Billy Bragg on his new album and his politics

Billy Bragg. Picture: Contributed
Billy Bragg. Picture: Contributed
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FOR three decades, Billy Bragg has blended folk, rock and punk with messages about politics and love – but Tooth And Nail, his first album of original material in five years, is more of a personal record than a political one.

“I like to think it addresses deeper emotions,” says the 55-year-old Bard of Barking, who visits the Queen’s Hall on Monday night. “I was in a very reflective mood when I made it.

“It came after a year where I’d lost my mum, and that experience, you can’t go through something like that and not think to yourself, ‘What am I doing? Is it worthwhile? Where am I?’

“The record isn’t about [losing her], in that sense, but it became the means by which I moved on from that.

“I put out five topical songs in the past five years, so when it came to making a record, the songs that I had in the woodshed tended to be a more emotional, personal type of song,” he says.

“That’s not a bad place to be now at my time of life and coming off the back of losing my mum – I’m in quite a reflective mood anyway.”

Tooth And Nail may be a personal album, but that’s not to say it isn’t political.

“In many ways it’s a response to the recent rise of nationalist, racist, fascist politics in the UK,” says Bragg. “The British National Party’s ‘England for the English’ platform needs to be addressed and dismantled. The case against racism is clear.

“As Woody Guthrie said, ‘All you fascists are bound to lose’. In many ways this album occupies the same cultural heartland to which Woody and Wilco belong.

“Last year was Woody’s centennial, so I was playing a lot of Mermaid Avenue tracks on the road.

“I felt the audience really responded to what Jeff Tweedy and I were trying to convey when we put those songs together.

“They leaned in toward the stage as I was playing. Tooth And Nail seeks to attain that same spiritual space.”

The musician and activist, who began his musical career in punk band Riff Raff, and in January 2010 announced that he would withhold his income tax as a protest against the Royal Bank of Scotland’s plan to pay bonuses of £1.5 billion to staff in its investment banking business, says the rise of the internet and social media has changed the way he works.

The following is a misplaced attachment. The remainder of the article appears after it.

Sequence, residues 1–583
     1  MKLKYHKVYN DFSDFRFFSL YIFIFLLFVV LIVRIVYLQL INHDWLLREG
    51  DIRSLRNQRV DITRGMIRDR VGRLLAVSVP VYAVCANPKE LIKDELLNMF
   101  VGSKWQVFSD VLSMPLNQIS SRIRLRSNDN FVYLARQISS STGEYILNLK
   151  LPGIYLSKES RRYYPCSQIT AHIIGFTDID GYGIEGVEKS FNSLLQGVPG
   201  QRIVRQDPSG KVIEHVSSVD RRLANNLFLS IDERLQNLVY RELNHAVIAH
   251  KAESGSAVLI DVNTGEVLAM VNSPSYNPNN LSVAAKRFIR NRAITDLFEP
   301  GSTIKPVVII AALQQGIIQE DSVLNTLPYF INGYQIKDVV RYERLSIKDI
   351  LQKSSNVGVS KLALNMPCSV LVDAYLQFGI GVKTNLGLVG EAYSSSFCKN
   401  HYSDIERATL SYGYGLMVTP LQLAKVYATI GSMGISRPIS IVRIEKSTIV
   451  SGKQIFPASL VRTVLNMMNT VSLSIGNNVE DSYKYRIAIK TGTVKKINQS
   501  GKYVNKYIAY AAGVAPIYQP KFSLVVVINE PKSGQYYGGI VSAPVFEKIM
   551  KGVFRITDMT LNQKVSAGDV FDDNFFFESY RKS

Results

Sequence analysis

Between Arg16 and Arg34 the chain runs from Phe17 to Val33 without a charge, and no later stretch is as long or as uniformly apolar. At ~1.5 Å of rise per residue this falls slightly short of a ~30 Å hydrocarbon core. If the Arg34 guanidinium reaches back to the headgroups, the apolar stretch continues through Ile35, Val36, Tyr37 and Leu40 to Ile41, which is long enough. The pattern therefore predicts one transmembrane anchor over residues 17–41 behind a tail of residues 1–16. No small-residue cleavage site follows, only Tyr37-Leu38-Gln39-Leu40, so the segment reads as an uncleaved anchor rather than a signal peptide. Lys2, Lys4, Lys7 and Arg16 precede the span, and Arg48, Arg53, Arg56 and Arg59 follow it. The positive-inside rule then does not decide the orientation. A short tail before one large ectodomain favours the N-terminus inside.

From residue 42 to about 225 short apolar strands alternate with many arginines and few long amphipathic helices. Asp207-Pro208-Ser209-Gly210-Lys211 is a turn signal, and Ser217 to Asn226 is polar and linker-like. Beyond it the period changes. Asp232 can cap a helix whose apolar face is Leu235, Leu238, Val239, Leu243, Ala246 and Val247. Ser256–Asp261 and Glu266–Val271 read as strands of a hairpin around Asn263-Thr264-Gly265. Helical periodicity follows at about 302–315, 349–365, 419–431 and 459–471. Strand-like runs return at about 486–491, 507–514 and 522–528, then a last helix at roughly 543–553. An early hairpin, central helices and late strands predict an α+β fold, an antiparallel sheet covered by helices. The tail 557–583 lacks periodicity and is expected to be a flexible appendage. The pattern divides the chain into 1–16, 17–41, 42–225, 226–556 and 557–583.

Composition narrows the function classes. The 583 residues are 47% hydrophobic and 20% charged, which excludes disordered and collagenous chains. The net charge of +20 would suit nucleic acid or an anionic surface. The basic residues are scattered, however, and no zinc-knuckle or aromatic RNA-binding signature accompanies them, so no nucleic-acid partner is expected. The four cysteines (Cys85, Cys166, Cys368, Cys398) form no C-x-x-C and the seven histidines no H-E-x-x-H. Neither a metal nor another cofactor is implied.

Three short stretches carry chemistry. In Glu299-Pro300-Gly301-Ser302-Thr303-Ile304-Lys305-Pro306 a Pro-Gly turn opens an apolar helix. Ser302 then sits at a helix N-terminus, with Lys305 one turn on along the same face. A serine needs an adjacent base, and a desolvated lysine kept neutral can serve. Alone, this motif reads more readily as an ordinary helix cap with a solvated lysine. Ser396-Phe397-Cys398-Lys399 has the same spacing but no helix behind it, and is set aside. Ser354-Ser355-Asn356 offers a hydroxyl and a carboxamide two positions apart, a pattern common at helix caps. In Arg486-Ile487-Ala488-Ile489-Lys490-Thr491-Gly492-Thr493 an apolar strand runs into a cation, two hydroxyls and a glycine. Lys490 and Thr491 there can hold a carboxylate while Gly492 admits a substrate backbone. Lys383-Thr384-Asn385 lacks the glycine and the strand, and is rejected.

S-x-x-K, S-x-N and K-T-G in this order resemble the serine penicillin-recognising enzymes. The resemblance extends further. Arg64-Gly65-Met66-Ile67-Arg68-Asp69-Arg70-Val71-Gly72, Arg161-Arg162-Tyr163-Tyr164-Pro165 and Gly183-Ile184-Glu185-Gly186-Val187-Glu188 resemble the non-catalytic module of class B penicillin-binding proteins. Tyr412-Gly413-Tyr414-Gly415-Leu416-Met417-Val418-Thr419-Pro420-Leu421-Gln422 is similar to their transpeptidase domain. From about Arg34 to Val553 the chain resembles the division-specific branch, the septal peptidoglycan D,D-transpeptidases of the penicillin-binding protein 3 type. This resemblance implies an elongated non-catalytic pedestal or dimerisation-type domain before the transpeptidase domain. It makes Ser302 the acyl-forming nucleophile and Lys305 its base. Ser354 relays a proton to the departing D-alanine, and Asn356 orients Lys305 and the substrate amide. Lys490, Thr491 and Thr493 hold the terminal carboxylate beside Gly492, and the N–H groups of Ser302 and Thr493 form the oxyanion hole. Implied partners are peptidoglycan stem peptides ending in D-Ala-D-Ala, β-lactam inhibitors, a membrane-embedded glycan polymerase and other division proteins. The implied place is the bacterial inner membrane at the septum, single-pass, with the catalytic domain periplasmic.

“The niche I occupied in the recording industry is now barren and I’ve had to move and cut my cloth accordingly,” he says. “One of the reasons I haven’t made a proper album for five years is that it really does need a huge investment of both blood and treasure to put out a proper record.”

Remarkably, Bragg, who recently won the Roots Award at the BBC Radio 2 Folk Awards, recorded Tooth And Nail in less than a week at the South Pasadena basement studio of Joe Henry, the Grammy-winning producer whose impressive credits include Aimee Mann, Elvis Costello, Bonnie Raitt and Loudon Wainwright III.

“He said we could make a record in a week,” explains Bragg. “At first I was sceptical, to be quite honest.

“After my mother passed away, I felt a need to engage myself in something, to get back in the swing of things so to speak. Joe’s proposal forced me to finish off the songs I’d been working on at the time, and write some new ones as well.

“All I brought to Joe’s place was a dozen songs and a clean pair of underwear — I didn’t even have my guitar. Joe boosted my confidence tremendously by having me sing live to music right off the bat. No scratch tracks, no prep. I really didn’t know what we were going to come out with.

“In a lot of ways, these sessions were about me letting go, allowing someone else to shape the process. Joe created a very sympathetic space for me. As a producer, he has a phenomenal bedside manner. By bringing in seasoned studio musicians that knew what to do with the space I left open for them, Joe enabled me to focus on my singing and guitar playing.”

Bragg, who has had past collaborations with everyone from The Smiths’ Johnny Marr to global megastars REM, says the laid-back nature of the recording sessions helped make the whole process quite seamless. “I guess the reason for that was that I did not feel under any pressure to deliver an album from the sessions,” he says.

“I had gone to Joe’s without telling my record company – just to see if I had the makings of an album.

“When after three days we’d recorded ten songs, I realised that, if I wrote a couple more, I’d have a whole album. I was as surprised as anyone by this outcome.”

• Billy Bragg, Queen’s Hall, Clerk Street, Monday, 7pm, £18.50, 0131-668 2019